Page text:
Improvements are afoot at Lake Lanier Olympic Park in the wake of the venue’s 25th anniversary this summer. A sunshade for the upper grandstand plaza, a one-mile walking trail, and two new courtesy docks are part of an improvement package proposed by the Lake Lanier Olympic Park Foundation. An Aug. 7 anniversary celebration is in the works to raise money for capital projects at the site chosen for the 2026 NCAA Women’s Rowing Championships.
The anniversary festivities, including a morning 5K torch run and evening gala with a live band, will “be a lot of fun and bring back a lot of memories from 1996,” said Robyn Lynch, LLOP executive director.
The venue on the Chattahoochee River arm of Lake Lanier achieved international prestige as the 1996 Olympic site of rowing and canoe/kayak competition. It has outlived most of Georgia’s 1996 Olympic sites, built primarily as temporary facilities for hosting the Olympics.
The Olympic torch has been kept aflame at LLOP by canoe/kayak and rowing clubs and the legacy organization that labored to bring the Olympics to Gainesville. The LLOP Foundation, formerly Gainesville-Hall ’96, reorganized in 2013 and hired its first venue manager the next year. The foundation generated a revival of the facility that some described as a fading gem needing polish. Since then, LLOP has remained a favorite for canoe/kayak and rowing competitions and has grown its profile in the local community.
The city of Gainesville took over the 35.5-acre park in 2019. It allocates LLOP funding through Gainesville’s hotel/motel tax.
The LLOP Foundation is raising funds for the three improvements to enhance accessibility and comfort for park users, according to Lynch, who also serves as Gainesville tourism director. All are expected to help increase attendance and rentals at the park that has expanded its culture in recent years to include food truck dinners, concerts, movies, weddings, wakeboarding competitions, triathlons, boat shows, traditional Gainesville celebrations, and corporate events.
A sunshade with attaching side panels is proposed to cover the upper plaza, shielding it from inhospitable weather. It could enable the plaza to offer “more events throughout the year,” Lynch said.
The walking trail would connect both sides of the park, which is split by Clarks Bridge Road. A section would extend from the boathouse side under Clarks Bridge Road on the pedestrian tunnel to the grandstand side and continue with a pathway along the lake, eventually passing under the bridge to loop back to the boathouse side. Lynch said research is ongoing for the type of material to surface the trail. The area is prone to occasional flooding.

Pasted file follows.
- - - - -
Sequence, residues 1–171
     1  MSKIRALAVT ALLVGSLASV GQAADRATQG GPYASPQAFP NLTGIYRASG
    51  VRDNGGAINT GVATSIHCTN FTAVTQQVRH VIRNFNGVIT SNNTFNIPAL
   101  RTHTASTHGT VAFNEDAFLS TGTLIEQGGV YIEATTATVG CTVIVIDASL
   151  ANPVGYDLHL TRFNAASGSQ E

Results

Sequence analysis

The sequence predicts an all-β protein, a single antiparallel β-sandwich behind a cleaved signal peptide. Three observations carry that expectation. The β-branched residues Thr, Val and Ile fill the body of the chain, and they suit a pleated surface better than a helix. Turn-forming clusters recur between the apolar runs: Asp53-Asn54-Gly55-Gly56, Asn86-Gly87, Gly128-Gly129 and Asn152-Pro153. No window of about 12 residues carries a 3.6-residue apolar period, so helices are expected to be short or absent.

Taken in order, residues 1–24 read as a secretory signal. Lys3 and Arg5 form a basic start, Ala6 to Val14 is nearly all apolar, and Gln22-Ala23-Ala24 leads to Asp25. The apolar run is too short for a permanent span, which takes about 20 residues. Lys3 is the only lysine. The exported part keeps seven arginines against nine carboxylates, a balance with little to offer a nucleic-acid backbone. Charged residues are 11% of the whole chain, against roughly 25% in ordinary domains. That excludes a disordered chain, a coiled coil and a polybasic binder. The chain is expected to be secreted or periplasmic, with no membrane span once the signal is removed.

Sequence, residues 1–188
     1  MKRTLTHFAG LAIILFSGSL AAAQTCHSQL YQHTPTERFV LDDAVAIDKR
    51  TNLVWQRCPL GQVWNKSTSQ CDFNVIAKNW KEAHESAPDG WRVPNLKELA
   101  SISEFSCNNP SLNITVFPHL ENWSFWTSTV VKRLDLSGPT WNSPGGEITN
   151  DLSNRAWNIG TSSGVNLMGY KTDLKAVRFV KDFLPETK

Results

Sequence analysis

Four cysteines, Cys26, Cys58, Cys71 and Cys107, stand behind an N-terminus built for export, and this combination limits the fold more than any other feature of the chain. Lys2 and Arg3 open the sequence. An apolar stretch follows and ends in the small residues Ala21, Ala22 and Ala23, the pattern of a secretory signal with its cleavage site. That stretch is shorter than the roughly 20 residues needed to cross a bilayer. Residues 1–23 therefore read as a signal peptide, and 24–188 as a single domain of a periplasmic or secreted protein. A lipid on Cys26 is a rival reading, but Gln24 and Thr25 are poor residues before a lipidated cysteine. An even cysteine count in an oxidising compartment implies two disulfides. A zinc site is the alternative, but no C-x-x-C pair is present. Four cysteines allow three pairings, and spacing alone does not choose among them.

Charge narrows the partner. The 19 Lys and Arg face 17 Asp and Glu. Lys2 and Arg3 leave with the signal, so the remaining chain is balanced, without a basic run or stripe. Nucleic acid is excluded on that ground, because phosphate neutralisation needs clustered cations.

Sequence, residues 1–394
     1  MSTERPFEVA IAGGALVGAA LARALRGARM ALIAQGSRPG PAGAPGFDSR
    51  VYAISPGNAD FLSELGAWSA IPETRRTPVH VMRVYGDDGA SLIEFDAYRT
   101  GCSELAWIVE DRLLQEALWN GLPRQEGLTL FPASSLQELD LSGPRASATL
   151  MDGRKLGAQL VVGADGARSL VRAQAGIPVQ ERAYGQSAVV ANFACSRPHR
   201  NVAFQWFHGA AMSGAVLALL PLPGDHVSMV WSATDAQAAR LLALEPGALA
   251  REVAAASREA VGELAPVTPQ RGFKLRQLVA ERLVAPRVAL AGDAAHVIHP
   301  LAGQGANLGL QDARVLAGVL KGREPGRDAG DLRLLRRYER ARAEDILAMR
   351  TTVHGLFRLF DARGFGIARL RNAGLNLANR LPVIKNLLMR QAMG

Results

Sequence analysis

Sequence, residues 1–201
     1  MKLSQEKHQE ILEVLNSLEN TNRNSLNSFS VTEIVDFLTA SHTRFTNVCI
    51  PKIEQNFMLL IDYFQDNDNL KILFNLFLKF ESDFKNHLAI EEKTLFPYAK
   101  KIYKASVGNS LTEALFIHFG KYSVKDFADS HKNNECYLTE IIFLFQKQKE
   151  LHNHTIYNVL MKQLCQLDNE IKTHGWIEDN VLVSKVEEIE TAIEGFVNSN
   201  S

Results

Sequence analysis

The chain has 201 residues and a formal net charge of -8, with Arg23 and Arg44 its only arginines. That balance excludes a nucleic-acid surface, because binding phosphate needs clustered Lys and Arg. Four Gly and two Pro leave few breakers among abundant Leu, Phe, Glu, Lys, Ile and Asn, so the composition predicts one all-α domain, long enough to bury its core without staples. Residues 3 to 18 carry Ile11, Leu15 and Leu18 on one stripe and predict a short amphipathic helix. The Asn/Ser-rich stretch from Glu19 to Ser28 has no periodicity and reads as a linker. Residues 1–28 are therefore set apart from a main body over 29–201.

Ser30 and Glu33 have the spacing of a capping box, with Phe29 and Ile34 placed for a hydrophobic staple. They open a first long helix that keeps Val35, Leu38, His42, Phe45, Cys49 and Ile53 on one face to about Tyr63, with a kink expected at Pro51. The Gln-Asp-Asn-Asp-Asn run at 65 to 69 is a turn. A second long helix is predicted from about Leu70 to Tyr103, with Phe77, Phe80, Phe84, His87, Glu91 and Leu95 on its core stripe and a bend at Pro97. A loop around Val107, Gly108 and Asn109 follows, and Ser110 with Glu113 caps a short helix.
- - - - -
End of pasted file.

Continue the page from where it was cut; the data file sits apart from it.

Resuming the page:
Two additional courtesy docks would allow “more parking” for park users to come by boat, Lynch said. One small courtesy dock currently offers access near the grandstand/plaza.
The LLOP Foundation is also seeking corporate donations and looking into selling commemorative bricks to finance the improvements, Lynch said.
The venue has undergone two major phases of renovations in the past quarter-century, the first being the construction of the grandstands and plaza prior to an international canoe/kayak competition in 2003. The stone and concrete permanent structure replaced temporary seating installed across the channel for the Olympics.
Major renovations to the Olympic tower and grandstand area were completed before the 2016 Pan American Olympic canoe/kayak qualifier.
The legacy organization that spearheaded LLOP’s revival introduced a master plan several years ago that includes a picnic pavilion, new restrooms and boathouse renovations. Renderings of these proposals appear on the LLOP website. The boathouse built for the 1996 Games has flooded several times and has suffered various maintenance issues through the years. The three new capital improvements Lynch detailed do not appear in the master plan.
Lynch indicated that the current proposals for park improvements are not linked to the 2026 NCAA women’s rowing championship and were not part of the bid package. NCAA and Lynch declined to provide details about the winning bid submitted by the city, Lake Lanier Rowing Club, LLOP foundation, and NCAA member-school, University of North Georgia.
Last October NCAA named LLOP to host the Div. I, II and II championships, expected to bring 40 teams and generate $3 million in tourism revenue. Lynch expects the revenue to flow not just on race days, but also from crews training and competing on the lake prior to the championships. It will be the second NCAA Women’s Division Championships to come to Lanier. The first NCAA appearance was in 1998.